The DEIS also acknowledges several risks, identified by the state’s Ocean Resource Management Plan working group, that are relevant to the terminal’s construction, including submersion of harbor infrastructure due to sea level rise and flooding, increased potential for the spread of diseases and other public safety issues due to flooding conditions, delayed shipments, higher shipping costs, and loss of operational time due to flooding conditions at cargo terminals.
But the DOT stopped short of identifying any mitigation measures. The DEIS notes that the DOT’s Harbors Division is trying to “develop adaptation strategies to address the long-term impacts of climate change,” including collaborating with other agencies and incorporating climate change adaptation into harbor master plans and designs.
With regard to possible flooding of the terminal site, the DEIS states in a footnote that the terminal itself is expected to be built at about eight feet above the current sea level — the same elevation as the existing Sand Island cargo terminals — “which is above the 3-foot sea level rise predicted for the year 2100.”
University of Hawai`i Marine Center Relocation to Piers 34 and 35,
Final Environmental Assessment (January 2013)
One of the tenants to be displaced by the new Kapalama Container Terminal is the University of Hawai`i Marine Center, which sits on 16 acres at Piers 44 and 45, otherwise known as Snug Harbor. The Marine Center plans to move east to a six-acre site at Piers 34 and 35.
The project’s final EIS, prepared by Scott Glenn of Cardno TEC, Inc., notes that the new site is located outside the 100- and 500-year floodplains and that Sand Island usually blocks high waves from reaching the inner harbor, where Piers 34 and 35 are located. What’s more, the site is about 6 to 8 feet above mean sea level, making it unlikely that the wharf line would be affected by a three-foot rise in sea level, the EIS states.
What’s more, it states, sea level is expected to rise by less than a foot by 2038, which is when the university’s lease for the property expires.
Even so, an open drainage canal on the site is likely to flood and inundate surrounding storage areas in Piers 34 and 35, it continues. To address this, DOT Harbors proposes to cover the drainage canal with a box culvert.
With regard to the cumulative impact of a higher sea level, a high tide, a summer swell, and heavy rains, the EA states that renovations “would be designed to meet building and hazard mitigation requirements sufficient to mitigate such an impact.”
“Of more concern is the surrounding feeder infrastructure outside the project boundaries and the jurisdiction of DOT Harbors. Heavy rains, high tide, and a high water table may cause periodic flooding of the area north of the subject property, including Nimitz Highway,” the EA states.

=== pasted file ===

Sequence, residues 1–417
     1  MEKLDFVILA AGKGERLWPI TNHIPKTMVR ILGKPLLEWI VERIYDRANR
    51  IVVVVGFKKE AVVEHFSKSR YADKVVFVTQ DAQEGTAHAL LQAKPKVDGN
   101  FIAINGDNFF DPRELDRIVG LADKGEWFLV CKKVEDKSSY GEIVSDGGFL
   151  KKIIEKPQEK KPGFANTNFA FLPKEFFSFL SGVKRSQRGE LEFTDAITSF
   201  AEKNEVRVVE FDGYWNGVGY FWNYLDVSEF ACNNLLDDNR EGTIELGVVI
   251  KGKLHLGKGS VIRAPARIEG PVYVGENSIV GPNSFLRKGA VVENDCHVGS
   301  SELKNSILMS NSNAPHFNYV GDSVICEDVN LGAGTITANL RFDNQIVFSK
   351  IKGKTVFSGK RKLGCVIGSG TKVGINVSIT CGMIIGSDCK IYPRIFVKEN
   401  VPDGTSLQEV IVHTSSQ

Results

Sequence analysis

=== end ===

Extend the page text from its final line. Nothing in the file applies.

Honolulu Harbor Piers 12 & 15 Improvements DEIS
The draft EIS for berthing and mooring improvements to Honolulu Harbor’s Piers 12 and 15 restates the OMPO’s conclusion that Honolulu Harbor is highly vulnerable to storm surges, but, like the Kapalama Terminal EIS, it identifies no mitigation. It simply states that proposed action “will not have an impact on climate change vulnerability, although the OMPO study noted that portions of Nimitz Highway may be vulnerable to storm surge flooding and ponding. Over the years, there is likely to be further consideration, discussion and planning for the impacts of climate change on Honolulu Harbor.”
The proposed improvements will accommodate two oil spill response boats.
Airport Modernization Program, HNL FEA (February 2013)
The DOT Airports Division proposes several improvements at the Honolulu International Airport. Under its Airport Modernization Program, the DOT will:
- Construct a mauka concourse;
- Demolish an existing terminal;
- Widen taxi lanes;
- Cover Manuwai Canal;
- Reloate cargo/maintenance facilities and construct employee parking;
- Construct a replacement cargo facility;
- Construct a replacement commuter terminal;
- Construct a replacement aircraft parking apron; and
- Construct a consolidated rental car facility.
The draft EA for the projects address climate change only with regard to emissions from the facility. In his comments on the DEA, Honolulu Department of Planning and Permitting acting director Jiro Sumada recommended that the final EA should discuss the possible impact of climate change on the airport, including an assessment of the risk of more extreme weather events and sea level rise through the life of the facilities, as well as a “discussion of how the likely impacts will be accommodated and mitigated in the design and operation of the new facilities that incorporate resilience in the event that extreme events take place.”
The DOT responded, “Although proposed, the state of Hawai`i has not yet passed legislation or promulgated rules and/or guidance requiring a specific evaluation of the effects of climate change (e.g., extreme weather events, sea level rise) as a significance criteria for environmental assessments.”
In any case, the DOT noted, that all project components would be constructed in existing development areas of the airport, “located more than 0.5 miles from the shoreline, located outside the tsunami evacuation zone, and located where the ground surface elevations are equal to or greater than 10 feet above mean sea level.”
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O`ahu Highways Plan
After its climate change workshop, but before it issued its transportation infrastructure risk assessment report, the OMPO approved a list of federally funded transportation projects through the next 20 or so years.
In its short discussion of climate change, the O`ahu Regional Transportation Plan 2035 states that long-term planning is needed to identify and minimize the risk to transportation facilities near coastal areas, including the island’s coastal roadways – Farrington, Kalaniana`ole, and Kamehameha highways – and Nimitz Highway. However, the plan includes no specific projects to mitigate the potential impacts of sea level rise, increased storm surges, flooding, etc. It simply notes that $50 million will be spent on shoreline protection and about $670 will be spent on “system preservation.” The plan also includes $209 million to widen and realign Farrington Highway.
Volume 23, Number 10 — April 2013